Attrition: Partisan Power Proliferates


November 9, 2022: As Russian manpower (too few and untrained) problems increased, so did Ukrainian Partisan activity in Russian occupied Ukraine, which now covers 110,000 square kilometers. This includes Crimea, which Russia took in 2014 and declared part of Russia. Not all inhabitants of Crimea, which comprises a quarter of the occupied territory, agree because there has been increasing partisan activity in Crimea for nearly six months. The Ukrainian government does not say anything specific about this because that could endanger the partisans and their operations. Some proof of government support comes from commercial satellite photos or rare reports from the Russians. Known support techniques include low night-flying helicopters and, if coastline is available, small boats used at night.

Currently partisan violence is most widespread and frequent in Kherson province, which is due north of Crimea. Russia is losing ground there at a rapid pace because there are less than 200,000 Russian troops in Ukraine, few of whom have much training beyond a few days with assault rifles some were never allowed to fire, and pretty much uniform desire to be anywhere but Ukraine. Partisan groups are usually led by someone with military experience and months of operating as a partisan. Most partisans are local and operate in areas where they grew up. That means lots of local support for the partisans and little help for the Russian soldiers. This has resulted in Russian forces deliberately withdrawing from Kherson City and the west side of the Dnieper River. The Russians are no longer forcing Ukrainian civilians to retreat with them. Getting across the rover is difficult with all the bridges destroyed and Ukrainian forces constantly and accurately attacking Russian boats or barges trying to move troops to the east bank or supplies in the other direction. Russian troops are short on essential supplies like ammunition and other items of military equipment. Staples like food and warm clothing can be taken from Ukrainian civilians. This situation indicates that the Ukrainians are receiving timely updates on where the Russians are trying to cross in boats. That’s because of the partisans, whose most valuable mission is reporting on what the enemy is up to so more powerful allies can act on that. Only in extreme situations do partisans themselves attack alert and well-armed troops.

Russia added another incentive to being or supporting partisans by increasingly exiling Ukrainian civilians to Russia. There, it is hoped, the Ukrainians will be “Russified”. With the Russians continuing to lose in Ukraine, the Russification of Ukrainians is not likely to happen because the partisans actively attack the Russians who are doing it and maintain records of who was deported and when as well who was killed or wounded while resisting deportation. These reports go to the Ukrainian government, which passes them on to UN war crimes investigators. These UN personnel are kept busy because each liberated town reveals additional evidence of Russian brutality. Reluctant Russian recruits sent to Ukraine are less prone to such bad behavior because they also wish Russian soldiers were gone from Ukraine, starting with themselves.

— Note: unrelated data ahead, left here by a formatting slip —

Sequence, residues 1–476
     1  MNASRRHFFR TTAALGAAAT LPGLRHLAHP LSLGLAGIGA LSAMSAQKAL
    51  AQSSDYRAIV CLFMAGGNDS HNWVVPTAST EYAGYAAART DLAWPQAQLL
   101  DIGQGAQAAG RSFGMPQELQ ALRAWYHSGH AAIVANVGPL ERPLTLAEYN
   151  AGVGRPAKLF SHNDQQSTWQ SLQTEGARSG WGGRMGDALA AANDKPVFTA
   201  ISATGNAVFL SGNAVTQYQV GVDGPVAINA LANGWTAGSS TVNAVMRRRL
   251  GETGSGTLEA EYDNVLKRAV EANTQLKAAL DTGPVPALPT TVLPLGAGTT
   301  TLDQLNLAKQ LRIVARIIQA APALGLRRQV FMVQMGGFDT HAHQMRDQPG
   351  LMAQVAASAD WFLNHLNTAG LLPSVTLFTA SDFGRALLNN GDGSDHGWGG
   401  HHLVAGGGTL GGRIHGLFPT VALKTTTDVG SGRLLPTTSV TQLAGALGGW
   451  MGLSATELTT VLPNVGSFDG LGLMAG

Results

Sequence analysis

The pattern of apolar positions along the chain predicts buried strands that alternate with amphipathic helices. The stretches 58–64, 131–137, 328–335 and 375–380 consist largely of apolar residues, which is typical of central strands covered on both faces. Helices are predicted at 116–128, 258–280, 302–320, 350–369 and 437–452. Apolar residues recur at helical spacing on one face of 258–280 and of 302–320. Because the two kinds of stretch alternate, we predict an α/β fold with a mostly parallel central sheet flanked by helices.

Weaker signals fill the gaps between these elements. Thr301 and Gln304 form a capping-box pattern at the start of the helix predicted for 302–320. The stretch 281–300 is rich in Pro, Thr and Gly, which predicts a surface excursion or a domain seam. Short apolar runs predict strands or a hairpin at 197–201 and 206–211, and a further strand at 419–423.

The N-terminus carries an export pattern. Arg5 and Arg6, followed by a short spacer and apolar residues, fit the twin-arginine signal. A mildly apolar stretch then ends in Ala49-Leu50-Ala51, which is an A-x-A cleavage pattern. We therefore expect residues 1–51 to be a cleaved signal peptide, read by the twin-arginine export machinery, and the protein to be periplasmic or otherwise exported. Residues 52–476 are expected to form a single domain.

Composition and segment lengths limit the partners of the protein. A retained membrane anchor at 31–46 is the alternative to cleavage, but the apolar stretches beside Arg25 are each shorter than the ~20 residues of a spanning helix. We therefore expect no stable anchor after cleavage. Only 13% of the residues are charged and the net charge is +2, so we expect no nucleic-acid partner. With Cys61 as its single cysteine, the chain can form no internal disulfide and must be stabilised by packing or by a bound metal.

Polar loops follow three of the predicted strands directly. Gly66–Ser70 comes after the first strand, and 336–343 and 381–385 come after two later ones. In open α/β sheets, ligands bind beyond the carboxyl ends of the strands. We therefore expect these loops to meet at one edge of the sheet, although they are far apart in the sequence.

The main priority for the partisans is to disrupt Russian military operations. This often means attacking supply convoys or damaging roads, rail lines or bridges. For this the partisans need explosives and often help in preparing and placing the bombs. This is where the clandestine supply efforts by the government come in. Ukrainian armed forces have a section devoted to partisan support, including sending in supplies and often technical experts. Some of these flights take out badly wounded partisans. Partisans are often equipped with long-range radios and instructions on how to use them without being detected or having messages intercepted and read. The partisans have been getting better at this while Russian countermeasures diminish. The Russian ability to organize and carry out large scale anti-partisan operations is gone in most of the occupied territories.

Ukraine has also received covert in-country training and support from NATO nations with special operations troops who specialize in supporting partisan operations. This is primarily the United States and Britain, which were doing this in Ukraine since 2014 and more discreetly since early 2022. NATO also provides the partisans with timely satellite or aerial photos of Russian operations as well as special equipment for some attacks.

Ukraine has a long history of partisan operations. During World War II, Russian and Ukrainian partisans played a role in defeating the Nazi invaders, who had some initial local support until they graphically demonstrated their genocidal intent towards all Slavs. When the Nazis were driven out of Ukraine, many of the Ukrainian partisans continued fighting the Russians. Some of these partisan groups remained active into the 1950s. That was ten years after the Nazis were driven out of Ukraine. In early 2022 Russia claimed it was liberating Ukrainian from neo-Nazi groups. Russian troops soon discovered that they were the Nazi invaders and the Ukrainians still had lots of partisans with long-memories and determination to defeat the new Nazis.